Botox (optional)

Botox (optional)

Clostridium botulinum, the bacterium from which Botox is derived, is found in many natural settings, including soil, lakes, and forests.

The bacterium can also be found in the intestinal tracts of mammals and fish and in the gills and organs of crabs and other shellfish. Such naturally occurring instances of Clostridium botulinum bacteria and spores are generally harmless. Problems only arise when the spores transform into vegetative cells and the cell population increases. At a certain point, the bacteria begin producing botulinum toxin, the deadly neurotoxin responsible for botulism.
Neurotoxins target the nervous system, disrupting the signaling processes that allow neurons to communicate effectively.
 

Botulinum toxin is one of the most poisonous substances known to man. Scientists have estimated that a single gram could kill as many as 1 million people and a couple of kilograms could kill every human on earth. In high concentrations, botulinum toxin can result in botulism, a severe, life-threatening illness. Botulism, left untreated, may result in respiratory failure and death. Despite botulinum toxin being so toxic, Botox is in huge demand.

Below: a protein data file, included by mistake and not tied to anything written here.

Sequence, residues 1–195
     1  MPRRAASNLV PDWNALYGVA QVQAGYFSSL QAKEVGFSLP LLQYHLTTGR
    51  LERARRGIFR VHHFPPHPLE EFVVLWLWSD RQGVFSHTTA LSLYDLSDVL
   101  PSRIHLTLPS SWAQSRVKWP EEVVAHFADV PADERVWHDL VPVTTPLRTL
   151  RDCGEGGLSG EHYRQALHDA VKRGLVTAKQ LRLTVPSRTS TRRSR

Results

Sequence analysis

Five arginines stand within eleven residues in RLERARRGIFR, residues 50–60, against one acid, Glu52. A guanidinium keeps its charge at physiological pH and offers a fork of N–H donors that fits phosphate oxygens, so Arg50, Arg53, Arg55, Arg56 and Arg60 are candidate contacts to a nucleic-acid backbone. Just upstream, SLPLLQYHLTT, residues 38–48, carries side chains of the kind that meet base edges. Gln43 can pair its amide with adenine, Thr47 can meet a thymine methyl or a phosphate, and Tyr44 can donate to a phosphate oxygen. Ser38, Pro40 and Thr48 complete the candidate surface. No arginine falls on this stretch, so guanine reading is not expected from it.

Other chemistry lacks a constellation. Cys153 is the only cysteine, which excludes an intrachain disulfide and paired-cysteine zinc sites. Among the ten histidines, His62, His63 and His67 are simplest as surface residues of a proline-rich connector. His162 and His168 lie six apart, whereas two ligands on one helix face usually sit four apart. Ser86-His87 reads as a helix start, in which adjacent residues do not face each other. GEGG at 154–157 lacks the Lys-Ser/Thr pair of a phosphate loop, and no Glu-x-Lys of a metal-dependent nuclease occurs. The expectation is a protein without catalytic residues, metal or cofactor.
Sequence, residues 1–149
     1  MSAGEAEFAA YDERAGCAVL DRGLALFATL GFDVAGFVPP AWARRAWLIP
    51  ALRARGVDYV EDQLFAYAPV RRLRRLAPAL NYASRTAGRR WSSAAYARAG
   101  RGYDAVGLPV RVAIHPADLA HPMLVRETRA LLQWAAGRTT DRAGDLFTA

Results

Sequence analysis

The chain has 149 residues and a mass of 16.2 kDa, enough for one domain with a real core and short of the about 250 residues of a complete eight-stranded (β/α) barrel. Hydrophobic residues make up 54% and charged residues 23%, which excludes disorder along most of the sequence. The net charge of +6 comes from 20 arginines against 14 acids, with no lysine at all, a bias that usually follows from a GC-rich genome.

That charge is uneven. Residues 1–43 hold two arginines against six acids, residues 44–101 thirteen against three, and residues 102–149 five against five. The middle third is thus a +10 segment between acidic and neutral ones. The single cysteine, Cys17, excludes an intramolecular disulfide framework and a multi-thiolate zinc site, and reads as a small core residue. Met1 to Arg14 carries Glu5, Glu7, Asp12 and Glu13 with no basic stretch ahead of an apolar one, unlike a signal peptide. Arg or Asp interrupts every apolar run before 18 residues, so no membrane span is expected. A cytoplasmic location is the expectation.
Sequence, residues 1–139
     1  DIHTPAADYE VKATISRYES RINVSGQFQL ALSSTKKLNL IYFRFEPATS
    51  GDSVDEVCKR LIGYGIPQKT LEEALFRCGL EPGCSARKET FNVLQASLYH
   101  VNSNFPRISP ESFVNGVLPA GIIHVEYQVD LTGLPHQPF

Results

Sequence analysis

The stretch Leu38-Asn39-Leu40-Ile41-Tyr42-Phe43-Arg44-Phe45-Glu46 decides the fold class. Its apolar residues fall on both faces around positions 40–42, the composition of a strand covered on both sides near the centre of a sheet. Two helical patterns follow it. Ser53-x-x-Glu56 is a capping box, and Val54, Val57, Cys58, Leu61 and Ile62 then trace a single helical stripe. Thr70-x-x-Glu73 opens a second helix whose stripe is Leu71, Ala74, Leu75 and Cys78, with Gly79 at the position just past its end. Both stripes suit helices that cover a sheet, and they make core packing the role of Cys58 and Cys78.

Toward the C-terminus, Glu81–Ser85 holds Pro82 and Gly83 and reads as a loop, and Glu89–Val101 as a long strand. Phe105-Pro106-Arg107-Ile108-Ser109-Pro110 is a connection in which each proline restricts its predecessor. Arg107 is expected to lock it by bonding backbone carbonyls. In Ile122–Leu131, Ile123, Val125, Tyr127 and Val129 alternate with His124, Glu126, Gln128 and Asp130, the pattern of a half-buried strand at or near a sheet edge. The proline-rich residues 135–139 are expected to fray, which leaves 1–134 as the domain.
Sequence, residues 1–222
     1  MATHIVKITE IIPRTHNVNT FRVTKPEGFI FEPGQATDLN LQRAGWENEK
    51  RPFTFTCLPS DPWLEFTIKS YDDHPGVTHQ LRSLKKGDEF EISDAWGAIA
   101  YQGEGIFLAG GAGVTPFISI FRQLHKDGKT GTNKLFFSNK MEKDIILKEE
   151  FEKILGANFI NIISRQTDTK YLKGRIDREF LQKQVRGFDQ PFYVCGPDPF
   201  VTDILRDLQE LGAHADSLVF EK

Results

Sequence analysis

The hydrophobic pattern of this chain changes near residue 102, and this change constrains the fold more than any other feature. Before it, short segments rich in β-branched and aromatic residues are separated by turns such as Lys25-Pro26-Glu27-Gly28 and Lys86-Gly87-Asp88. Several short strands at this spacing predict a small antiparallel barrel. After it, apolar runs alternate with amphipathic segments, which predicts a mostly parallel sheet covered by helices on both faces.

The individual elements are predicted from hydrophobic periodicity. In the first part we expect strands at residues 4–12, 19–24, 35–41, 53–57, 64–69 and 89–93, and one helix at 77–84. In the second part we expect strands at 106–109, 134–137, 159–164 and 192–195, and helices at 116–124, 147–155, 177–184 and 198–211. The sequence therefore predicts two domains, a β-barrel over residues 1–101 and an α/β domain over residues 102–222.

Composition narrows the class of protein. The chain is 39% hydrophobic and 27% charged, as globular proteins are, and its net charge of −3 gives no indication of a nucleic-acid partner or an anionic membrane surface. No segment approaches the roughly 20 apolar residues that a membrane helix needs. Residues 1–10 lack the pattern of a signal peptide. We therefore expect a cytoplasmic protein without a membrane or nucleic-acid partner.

Despite this, botulinum toxin has proven to be a successful and valuable therapeutic protein.
Botulinum toxin can be injected into humans in extremely small concentrations and works by preventing signals from the nerve cells reaching muscles, therefore paralyzing them.

In order for muscles to contract, nerves release a chemical messenger, acetylcholine (a neurotransmitter), at the junction where the nerve endings meet muscle cells. Acetylcholine attaches to receptors on the muscle cells and causes the muscle cells to contract or shorten.


Injected botulinum toxin prevents the release of acetylcholine, preventing contraction of the muscle cells. Botulinum toxin causes a reduction in abnormal muscle contraction, allowing the muscles to become less stiff.

Botulinum toxin is predominantly used as a treatment to reduce the appearance of facial wrinkles and fine lines.
Beyond aesthetic applications, Botox is used to treat a variety of medical conditions, including eye squints, migraines, excess sweating, and leaky bladders.

Botulinum toxin is currently used to treat over 20 different medical conditions, with more applications under investigation.

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